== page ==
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Ghana’s President Lifted Passages from Clinton, Bush in Inauguration Speech

Ghana’s president Nana Akufo-Addo faced some backlash after he plagiarized passages from former President Bill Clinton’s and former President George W. Bush’s speeches.

People on social media noticed the similarities between Akufo-Addo’s speech and the speeches of the two former U.S. presidents shortly after his swearing-in ceremony, The Washington Post reported.

The first passage came from Bush’s 2001 speech, where Akufo-Addo said, “I ask you to be citizens: citizens, not spectators; citizens, not subjects; responsible citizens building your communities and our nation.”

Bush had said in his speech: “I ask you to be citizens: citizens, not spectators; citizens, not subjects; responsible citizens building communities of service and a nation of character.”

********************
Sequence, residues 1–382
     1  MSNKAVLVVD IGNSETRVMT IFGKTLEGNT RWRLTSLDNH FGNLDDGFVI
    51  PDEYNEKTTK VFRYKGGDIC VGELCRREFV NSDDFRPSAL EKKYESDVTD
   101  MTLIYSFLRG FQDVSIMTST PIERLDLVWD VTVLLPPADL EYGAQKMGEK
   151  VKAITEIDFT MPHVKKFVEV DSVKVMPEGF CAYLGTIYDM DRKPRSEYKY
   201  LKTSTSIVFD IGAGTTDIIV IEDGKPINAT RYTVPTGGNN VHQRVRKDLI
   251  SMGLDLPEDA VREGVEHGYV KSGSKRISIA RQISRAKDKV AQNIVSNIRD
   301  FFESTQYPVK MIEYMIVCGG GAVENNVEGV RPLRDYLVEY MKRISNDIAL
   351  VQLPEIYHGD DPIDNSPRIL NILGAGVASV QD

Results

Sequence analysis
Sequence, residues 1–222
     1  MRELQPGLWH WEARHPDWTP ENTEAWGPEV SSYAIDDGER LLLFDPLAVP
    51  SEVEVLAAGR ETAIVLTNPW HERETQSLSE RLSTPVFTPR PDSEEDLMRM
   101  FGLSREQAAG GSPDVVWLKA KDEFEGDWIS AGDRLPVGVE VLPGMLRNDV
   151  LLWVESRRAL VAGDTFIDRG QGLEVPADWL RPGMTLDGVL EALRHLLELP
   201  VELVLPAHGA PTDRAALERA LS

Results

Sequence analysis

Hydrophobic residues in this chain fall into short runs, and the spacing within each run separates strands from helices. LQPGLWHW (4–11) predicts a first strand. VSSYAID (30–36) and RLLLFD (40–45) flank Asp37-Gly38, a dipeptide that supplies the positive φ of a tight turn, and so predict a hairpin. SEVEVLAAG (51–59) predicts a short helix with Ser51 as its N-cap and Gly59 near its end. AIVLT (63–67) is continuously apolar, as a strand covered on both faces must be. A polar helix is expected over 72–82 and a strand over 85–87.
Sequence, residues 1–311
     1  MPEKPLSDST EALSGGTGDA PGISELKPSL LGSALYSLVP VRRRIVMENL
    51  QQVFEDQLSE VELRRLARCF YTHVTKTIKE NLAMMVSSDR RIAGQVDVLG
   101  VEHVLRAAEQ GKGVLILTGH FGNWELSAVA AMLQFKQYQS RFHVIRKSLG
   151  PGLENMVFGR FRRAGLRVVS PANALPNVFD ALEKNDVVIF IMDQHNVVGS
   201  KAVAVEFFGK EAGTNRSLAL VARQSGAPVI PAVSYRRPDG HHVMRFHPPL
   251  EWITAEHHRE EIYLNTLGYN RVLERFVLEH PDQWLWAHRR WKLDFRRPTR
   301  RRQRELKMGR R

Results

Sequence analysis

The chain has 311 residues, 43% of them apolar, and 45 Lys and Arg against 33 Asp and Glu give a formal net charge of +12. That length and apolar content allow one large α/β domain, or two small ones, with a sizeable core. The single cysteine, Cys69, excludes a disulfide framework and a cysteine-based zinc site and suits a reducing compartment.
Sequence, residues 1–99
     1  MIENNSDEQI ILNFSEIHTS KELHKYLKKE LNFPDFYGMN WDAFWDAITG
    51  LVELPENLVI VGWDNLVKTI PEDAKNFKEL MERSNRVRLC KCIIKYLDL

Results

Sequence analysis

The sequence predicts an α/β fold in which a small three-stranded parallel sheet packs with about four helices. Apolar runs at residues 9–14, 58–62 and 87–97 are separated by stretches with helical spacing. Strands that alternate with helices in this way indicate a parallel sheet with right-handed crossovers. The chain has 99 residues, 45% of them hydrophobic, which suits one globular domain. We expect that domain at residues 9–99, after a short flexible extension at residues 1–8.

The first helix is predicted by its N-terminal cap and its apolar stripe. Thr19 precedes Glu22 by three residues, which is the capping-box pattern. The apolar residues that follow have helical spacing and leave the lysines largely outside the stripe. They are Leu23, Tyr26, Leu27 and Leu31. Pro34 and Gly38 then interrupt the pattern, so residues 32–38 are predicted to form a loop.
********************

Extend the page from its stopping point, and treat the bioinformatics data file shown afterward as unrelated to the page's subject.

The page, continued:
The second passage came from Clinton’s 1993 speech, except he replaced “Americans” with “Ghanians.”

“Though our challenges are fearsome, so are our strengths. Ghanaians have ever been a restless, questing, hopeful people. And we must bring to our task today the vision and will of those who came before us,” Akufo-Addo said.

Clinton said in 1993: “Though our challenges are fearsome, so are our strengths. And Americans have ever been a restless, questing, hopeful people. We must bring to our task today the vision and will of those who come before us.”

Akufo-Addo’s communications director apologized for the blunder, according to Al-Jazeera. “I unreservedly apologise for the non-acknowledgement of this quote to the original author. It was a complete oversight, and never deliberate,” he said.

Akufo-Addo isn’t the first president to plagiarize a speech from a U.S. president.

In September, Nigerian President Muhammadu Buhari plagiarized quotes from President Barack Obama.

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